Range Extenders for Electric Aviation with Low Carbon and High Efficiency
The REEACH program objective is to develop a disruptive system to convert the chemical energy contained in energy-dense carbon neutral liquid fuels (CNLFs) into electric power for aircraft propulsion via electric powertrains and other key systems. With a developmental prototype as the ultimate goal, REEACH performers will work to create innovative, cost-effective and high-performance energy storage and power generation (ESPG) sub-systems. The developed ESPG system must deliver adequate electric power to propel a fully electric, narrow-body aircraft through all the various flight phases (i.e., taxi, take-off, climb, cruise, and descent) and store sufficient energy to power the entire aircraft during a long-range mission with adequate safety reserves. The developed ESPG should be efficient and light enough to enable operations commensurate with existing commercial single-aisle aircraft missions. In the design of their ESPG systems, applicants are given latitude to select the CNLF, system architecture, and individual component technologies. REEACH will develop the critical enabling components and sub-system architectures for high-efficiency conversion of CNLF energy into electricity with sufficient power density for aircraft propulsion.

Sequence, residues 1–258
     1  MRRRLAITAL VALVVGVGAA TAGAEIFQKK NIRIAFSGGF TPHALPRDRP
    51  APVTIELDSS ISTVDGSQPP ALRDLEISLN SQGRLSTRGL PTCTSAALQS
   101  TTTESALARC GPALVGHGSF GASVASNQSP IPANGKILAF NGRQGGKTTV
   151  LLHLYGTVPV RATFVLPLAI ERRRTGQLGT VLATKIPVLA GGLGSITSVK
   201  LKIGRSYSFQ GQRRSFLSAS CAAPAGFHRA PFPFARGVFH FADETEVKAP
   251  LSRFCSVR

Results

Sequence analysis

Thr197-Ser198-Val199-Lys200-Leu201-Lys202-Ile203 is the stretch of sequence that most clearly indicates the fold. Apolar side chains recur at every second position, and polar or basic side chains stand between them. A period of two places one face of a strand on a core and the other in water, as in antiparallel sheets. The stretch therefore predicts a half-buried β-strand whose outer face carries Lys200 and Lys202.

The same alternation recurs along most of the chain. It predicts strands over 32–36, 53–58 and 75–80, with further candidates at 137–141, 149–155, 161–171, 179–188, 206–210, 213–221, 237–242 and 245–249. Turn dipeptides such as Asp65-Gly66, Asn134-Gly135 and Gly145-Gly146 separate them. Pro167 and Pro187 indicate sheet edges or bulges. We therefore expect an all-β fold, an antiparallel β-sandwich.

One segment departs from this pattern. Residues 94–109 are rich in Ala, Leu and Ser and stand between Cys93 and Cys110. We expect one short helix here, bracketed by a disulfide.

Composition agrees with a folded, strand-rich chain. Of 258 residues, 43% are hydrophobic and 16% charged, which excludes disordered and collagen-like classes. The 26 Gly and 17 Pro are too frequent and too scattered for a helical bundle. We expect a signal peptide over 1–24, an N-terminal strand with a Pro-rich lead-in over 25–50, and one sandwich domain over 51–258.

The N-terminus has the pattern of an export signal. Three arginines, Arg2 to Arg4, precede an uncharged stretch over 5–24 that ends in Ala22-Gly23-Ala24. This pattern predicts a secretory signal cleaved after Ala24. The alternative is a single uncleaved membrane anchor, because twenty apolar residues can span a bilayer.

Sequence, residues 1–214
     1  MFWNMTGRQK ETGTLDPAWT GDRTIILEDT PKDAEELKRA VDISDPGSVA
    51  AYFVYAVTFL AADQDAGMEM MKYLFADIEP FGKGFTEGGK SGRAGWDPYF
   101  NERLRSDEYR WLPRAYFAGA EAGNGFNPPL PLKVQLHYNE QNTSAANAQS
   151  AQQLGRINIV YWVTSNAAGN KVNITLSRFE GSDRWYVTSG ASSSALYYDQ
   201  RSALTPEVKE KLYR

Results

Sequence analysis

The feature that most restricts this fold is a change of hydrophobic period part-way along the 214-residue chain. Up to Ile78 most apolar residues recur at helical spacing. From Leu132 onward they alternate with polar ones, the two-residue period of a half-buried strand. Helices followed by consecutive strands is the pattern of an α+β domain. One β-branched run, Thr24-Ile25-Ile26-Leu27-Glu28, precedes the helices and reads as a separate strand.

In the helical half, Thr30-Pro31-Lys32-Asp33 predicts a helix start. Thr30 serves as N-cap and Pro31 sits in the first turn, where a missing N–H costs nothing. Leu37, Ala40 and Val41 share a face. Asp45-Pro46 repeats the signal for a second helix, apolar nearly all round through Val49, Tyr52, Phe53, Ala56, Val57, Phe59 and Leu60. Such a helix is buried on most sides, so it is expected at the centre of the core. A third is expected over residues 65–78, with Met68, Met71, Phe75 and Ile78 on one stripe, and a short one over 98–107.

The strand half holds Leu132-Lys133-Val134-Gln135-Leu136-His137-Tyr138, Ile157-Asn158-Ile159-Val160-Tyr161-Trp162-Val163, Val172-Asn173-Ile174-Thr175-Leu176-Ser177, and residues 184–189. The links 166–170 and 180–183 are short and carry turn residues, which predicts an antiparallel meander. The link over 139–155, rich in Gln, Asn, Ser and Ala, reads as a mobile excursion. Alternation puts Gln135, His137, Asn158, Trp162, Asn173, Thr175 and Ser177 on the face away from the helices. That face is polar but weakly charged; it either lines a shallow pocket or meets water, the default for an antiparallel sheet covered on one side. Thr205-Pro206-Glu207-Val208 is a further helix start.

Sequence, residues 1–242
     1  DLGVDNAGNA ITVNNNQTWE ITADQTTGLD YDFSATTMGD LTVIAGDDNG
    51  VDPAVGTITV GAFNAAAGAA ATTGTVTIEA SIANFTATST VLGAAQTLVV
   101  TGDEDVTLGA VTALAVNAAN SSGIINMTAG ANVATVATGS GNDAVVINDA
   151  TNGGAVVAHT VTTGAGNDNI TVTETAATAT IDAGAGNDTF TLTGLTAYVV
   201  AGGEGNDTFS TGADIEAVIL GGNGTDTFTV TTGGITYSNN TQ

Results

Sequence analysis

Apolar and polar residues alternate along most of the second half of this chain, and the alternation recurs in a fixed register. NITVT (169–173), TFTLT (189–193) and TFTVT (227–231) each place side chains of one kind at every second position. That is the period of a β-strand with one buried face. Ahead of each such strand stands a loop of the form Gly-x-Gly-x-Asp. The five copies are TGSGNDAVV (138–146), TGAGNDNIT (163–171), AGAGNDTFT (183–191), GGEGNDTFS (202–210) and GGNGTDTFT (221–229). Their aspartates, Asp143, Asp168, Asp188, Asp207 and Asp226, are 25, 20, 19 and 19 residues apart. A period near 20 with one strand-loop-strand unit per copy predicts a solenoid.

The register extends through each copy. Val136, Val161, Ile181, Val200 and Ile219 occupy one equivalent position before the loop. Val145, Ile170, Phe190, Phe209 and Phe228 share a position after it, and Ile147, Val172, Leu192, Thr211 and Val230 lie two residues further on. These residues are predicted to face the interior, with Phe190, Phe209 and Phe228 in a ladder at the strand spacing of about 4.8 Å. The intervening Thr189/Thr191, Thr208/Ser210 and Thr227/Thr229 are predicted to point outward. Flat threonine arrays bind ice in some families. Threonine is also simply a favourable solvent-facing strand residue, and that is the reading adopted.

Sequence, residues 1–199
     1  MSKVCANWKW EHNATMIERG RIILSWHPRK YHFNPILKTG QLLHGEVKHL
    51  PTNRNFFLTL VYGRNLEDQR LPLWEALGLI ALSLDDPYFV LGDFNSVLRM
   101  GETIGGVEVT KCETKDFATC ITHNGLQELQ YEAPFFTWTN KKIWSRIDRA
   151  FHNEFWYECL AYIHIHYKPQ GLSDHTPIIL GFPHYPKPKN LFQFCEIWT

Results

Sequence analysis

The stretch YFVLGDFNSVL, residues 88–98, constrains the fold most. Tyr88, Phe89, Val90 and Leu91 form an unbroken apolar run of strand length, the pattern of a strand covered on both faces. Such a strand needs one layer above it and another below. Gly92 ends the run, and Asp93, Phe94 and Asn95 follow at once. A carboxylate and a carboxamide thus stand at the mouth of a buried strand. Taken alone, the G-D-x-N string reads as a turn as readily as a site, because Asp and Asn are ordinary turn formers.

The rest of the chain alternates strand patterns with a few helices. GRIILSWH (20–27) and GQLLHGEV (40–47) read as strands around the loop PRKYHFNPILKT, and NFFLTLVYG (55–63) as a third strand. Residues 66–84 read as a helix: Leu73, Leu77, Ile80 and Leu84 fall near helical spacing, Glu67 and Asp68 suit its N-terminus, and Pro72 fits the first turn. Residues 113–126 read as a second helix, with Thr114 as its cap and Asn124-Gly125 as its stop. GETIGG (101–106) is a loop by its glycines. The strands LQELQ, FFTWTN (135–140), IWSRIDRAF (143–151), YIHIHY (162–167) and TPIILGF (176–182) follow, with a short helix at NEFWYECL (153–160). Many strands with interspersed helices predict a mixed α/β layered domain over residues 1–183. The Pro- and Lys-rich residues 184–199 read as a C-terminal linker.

Air travel is responsible for a growing portion of U.S. energy usage and associated greenhouse gas (GHG) emissions. In 2017, air travel in the U.S. consumed nearly 3.5 quadrillion BTUs of jet fuel and accounted for about 175 million metric tons of CO2 or about 2.6% of domestic GHG emissions. It is estimated that narrow-body aircraft, such as the Boeing 737, are responsible for nearly half of aviation-related GHG emissions. Consequently, a decarbonized, B737-like aircraft with electrified propulsion would provide the greatest impact on GHG emissions from a single aircraft type. ARPA-E seeks to mitigate the growing environmental burden associated with commercial air travel at minimum economic cost by developing elements of an ultra-high efficient, electrified aircraft propulsion system that uses CNLFs. Ultra-high conversion efficiency and high specific power and energy are critical for its commercial success due to CNLFs’ generally either lower specific energies or higher projected cost compared to incumbent fossil-based jet fuels. It is anticipated that the developed energy conversion devices will find direct application as both power sources and range extenders in the emerging urban air mobility, unmanned aircraft aerial vehicle, and select regional aircraft markets. These markets are likely to be the first adopters before the technology scales to a single-aisle commercial aircraft.
Electrified aviation propulsion systems have the potential to achieve ultra-high fuel-to-propulsive power conversion efficiencies compared with existing turbofan and turboprop systems.
This program could ensure U.S. technology leadership in developing an ultra-high efficient aircraft propulsion system that uses CNLFs.
An electrified propulsion system framework could enable net-zero carbon emissions.
The developed ESPG sub-system will improve the overall propulsion system efficiency and will reduce fuel consumption.